League Alliance

From BR Bullpen

The League Alliance was a sort-of minor league created by the National League for the 1882 season as a "holding pen" for two clubs that the league wanted to add to its ranks in 1883. The two clubs were the New York Metropolitans, owned by John B. Day and the Philadelphia Phillies, operated by Horace Phillips and Al Reach. These were the only two permanent clubs in the league, and in addition to playing each other, they arranged exhibition games against major league teams from the National League and its new rival, the American Association, and against local amateur and semi-pro clubs.

The decision was taken in light of two contrasting objectives: the National League realized it had to move back into the two major markets that were New York, NY and Philadelphia, PA and not leave them to their rivals, the American Association, but at the same time league President William Hulbert was adamant that the league not re-admit the two cities, because in the league's original season, 1876, the teams representing these two season had failed to complete their final western road trip and been kicked out of the league as a result. But Hulbert was in failing health, and fellow owners realized that the National League would not last long if it continued to field teams in places like Troy, NY and Worcester, MA, while the Association swept in to claim major markets as its own.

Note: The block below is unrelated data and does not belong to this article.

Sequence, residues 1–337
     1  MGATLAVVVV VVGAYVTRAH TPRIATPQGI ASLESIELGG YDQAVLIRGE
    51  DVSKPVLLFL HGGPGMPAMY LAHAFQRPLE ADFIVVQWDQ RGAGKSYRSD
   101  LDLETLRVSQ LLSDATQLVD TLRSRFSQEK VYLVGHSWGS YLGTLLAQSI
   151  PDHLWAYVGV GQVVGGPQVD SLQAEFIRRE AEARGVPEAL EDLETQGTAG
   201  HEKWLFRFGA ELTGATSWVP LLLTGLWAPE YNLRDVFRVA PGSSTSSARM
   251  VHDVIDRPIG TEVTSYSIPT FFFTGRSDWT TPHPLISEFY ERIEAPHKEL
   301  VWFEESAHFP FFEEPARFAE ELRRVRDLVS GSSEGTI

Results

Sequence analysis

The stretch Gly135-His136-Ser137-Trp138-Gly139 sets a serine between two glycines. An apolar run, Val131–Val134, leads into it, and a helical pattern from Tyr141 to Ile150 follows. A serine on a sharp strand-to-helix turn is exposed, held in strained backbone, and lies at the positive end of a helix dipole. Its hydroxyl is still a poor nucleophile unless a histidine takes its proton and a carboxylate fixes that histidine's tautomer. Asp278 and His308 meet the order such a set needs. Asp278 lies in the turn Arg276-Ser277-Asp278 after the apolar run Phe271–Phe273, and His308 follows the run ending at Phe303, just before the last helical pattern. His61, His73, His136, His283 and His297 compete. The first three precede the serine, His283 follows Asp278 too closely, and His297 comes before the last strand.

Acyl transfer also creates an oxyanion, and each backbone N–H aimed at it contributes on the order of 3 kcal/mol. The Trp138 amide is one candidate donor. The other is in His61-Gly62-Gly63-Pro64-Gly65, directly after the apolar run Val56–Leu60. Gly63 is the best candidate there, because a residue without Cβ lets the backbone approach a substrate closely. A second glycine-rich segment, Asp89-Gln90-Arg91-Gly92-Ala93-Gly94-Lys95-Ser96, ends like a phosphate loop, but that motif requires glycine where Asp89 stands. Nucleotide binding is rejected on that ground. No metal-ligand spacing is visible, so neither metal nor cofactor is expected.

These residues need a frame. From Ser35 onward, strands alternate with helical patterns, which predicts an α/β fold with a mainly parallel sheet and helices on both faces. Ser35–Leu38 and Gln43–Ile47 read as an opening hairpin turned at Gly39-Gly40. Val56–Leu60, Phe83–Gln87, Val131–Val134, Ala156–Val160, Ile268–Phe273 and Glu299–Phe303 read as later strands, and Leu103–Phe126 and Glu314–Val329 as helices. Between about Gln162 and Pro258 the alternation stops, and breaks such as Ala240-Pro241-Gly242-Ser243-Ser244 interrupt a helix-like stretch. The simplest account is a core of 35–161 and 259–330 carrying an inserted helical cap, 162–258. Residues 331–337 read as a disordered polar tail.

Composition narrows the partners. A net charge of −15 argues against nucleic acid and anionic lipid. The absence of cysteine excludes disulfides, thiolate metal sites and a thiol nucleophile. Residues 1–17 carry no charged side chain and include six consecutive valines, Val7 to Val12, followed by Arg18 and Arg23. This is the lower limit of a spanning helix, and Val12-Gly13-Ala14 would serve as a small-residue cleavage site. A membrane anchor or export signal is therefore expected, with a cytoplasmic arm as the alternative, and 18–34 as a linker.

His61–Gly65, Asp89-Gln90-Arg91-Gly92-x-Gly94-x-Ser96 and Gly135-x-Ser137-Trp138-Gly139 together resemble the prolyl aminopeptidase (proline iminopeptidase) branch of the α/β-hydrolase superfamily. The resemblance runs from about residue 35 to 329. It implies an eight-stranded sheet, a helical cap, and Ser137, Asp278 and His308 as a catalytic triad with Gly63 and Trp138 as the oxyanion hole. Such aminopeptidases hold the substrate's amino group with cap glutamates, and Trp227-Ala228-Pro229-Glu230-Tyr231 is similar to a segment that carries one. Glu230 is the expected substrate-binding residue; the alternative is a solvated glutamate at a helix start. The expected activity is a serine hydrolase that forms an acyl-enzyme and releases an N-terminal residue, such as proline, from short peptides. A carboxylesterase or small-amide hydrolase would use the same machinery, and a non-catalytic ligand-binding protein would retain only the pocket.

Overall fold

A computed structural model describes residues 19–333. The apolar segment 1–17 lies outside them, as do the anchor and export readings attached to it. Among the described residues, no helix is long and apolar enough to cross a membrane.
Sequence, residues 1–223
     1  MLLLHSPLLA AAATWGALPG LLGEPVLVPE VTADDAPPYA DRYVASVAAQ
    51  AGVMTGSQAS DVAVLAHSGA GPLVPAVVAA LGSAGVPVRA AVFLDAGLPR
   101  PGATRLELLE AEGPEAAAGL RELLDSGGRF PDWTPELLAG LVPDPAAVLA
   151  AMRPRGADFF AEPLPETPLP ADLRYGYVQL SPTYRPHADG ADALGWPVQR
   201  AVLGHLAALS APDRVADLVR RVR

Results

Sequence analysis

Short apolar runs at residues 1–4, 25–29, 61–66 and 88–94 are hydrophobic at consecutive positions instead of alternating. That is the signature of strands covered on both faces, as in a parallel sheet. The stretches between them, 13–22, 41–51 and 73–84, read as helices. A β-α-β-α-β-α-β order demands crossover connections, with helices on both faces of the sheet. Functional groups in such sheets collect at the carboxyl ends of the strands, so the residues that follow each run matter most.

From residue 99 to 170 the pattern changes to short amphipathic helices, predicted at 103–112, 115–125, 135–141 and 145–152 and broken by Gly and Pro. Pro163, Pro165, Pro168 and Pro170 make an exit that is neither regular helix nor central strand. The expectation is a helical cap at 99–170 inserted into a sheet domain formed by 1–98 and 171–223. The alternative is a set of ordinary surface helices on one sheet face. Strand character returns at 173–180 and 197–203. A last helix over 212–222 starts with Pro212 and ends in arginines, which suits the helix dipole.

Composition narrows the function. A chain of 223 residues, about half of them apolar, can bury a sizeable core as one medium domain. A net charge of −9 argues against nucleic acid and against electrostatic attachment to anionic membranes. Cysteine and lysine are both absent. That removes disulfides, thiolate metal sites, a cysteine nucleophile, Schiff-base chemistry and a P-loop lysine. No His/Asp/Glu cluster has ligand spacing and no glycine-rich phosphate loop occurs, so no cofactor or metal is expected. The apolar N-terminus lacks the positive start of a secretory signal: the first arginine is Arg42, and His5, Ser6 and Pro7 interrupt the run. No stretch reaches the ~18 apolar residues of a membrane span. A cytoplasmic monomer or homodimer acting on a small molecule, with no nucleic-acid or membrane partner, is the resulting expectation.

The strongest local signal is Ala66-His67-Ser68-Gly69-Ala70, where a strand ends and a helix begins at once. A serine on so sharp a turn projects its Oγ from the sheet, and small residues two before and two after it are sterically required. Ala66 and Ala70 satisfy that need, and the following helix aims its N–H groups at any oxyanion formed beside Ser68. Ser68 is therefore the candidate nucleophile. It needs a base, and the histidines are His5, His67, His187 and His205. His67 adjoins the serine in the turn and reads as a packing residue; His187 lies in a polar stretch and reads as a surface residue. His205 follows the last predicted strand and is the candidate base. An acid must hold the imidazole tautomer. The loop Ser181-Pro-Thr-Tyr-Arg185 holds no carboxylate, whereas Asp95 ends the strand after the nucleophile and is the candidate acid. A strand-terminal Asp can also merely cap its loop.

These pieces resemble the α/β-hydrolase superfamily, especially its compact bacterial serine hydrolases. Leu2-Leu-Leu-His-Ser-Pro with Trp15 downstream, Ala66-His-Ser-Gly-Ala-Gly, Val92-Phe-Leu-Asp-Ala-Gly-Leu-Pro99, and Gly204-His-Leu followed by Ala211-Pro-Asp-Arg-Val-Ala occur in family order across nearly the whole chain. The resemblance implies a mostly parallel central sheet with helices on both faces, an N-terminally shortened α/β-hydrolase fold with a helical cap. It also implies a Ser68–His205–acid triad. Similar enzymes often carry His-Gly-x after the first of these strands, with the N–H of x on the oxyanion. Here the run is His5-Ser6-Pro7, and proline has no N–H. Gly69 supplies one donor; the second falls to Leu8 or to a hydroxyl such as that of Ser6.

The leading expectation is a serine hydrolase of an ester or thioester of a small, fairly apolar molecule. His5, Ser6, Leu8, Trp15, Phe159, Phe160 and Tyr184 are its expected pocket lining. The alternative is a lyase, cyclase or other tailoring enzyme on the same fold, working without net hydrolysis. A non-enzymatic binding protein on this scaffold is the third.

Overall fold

For what it's worth, the Metropolitans defeated the Phillies, 19 games to 12 with one tie, in head-to-head meetings, so they can be considered the league champions. The two franchises demonstrated that they could play a full schedule of games and draw decent crowds, although the Phillies were badly outplayed whenever they faced a National League team on the field. The following winter, the Troy and Worcester franchises were dismissed from the league. The Phillies were admitted as one replacement, while John Day decided to have his Metropolitans join the American Association, while creating a new team to fill the vacant slot in the NL. He raided the roster of the Troy teams, signing all its best players, to create the core of a winning team that would become the famed New York Giants. The Phillies were not so successful t first, and were often outshined by their rivals the Philadelphia Athletics of the American Association, but they survived and still remain an active National League team to this day.

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